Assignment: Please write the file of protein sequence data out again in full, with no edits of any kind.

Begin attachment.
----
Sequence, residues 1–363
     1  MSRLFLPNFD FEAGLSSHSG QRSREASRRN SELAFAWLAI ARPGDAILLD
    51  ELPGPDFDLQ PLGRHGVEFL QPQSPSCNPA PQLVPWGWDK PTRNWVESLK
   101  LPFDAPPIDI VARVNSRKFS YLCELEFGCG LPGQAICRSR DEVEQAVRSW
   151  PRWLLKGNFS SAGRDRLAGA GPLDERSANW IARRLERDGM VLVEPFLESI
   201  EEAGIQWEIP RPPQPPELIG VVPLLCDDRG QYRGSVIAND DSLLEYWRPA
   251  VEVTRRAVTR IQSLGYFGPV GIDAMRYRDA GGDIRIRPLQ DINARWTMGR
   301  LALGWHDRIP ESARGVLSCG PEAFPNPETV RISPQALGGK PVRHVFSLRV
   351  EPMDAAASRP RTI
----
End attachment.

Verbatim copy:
Sequence, residues 1–363
     1  MSRLFLPNFD FEAGLSSHSG QRSREASRRN SELAFAWLAI ARPGDAILLD
    51  ELPGPDFDLQ PLGRHGVEFL QPQSPSCNPA PQLVPWGWDK PTRNWVESLK
   101  LPFDAPPIDI VARVNSRKFS YLCELEFGCG LPGQAICRSR DEVEQAVRSW
   151  PRWLLKGNFS SAGRDRLAGA GPLDERSANW IARRLERDGM VLVEPFLESI
   201  EEAGIQWEIP RPPQPPELIG VVPLLCDDRG QYRGSVIAND DSLLEYWRPA
   251  VEVTRRAVTR IQSLGYFGPV GIDAMRYRDA GGDIRIRPLQ DINARWTMGR
   301  LALGWHDRIP ESARGVLSCG PEAFPNPETV RISPQALGGK PVRHVFSLRV
   351  EPMDAAASRP RTI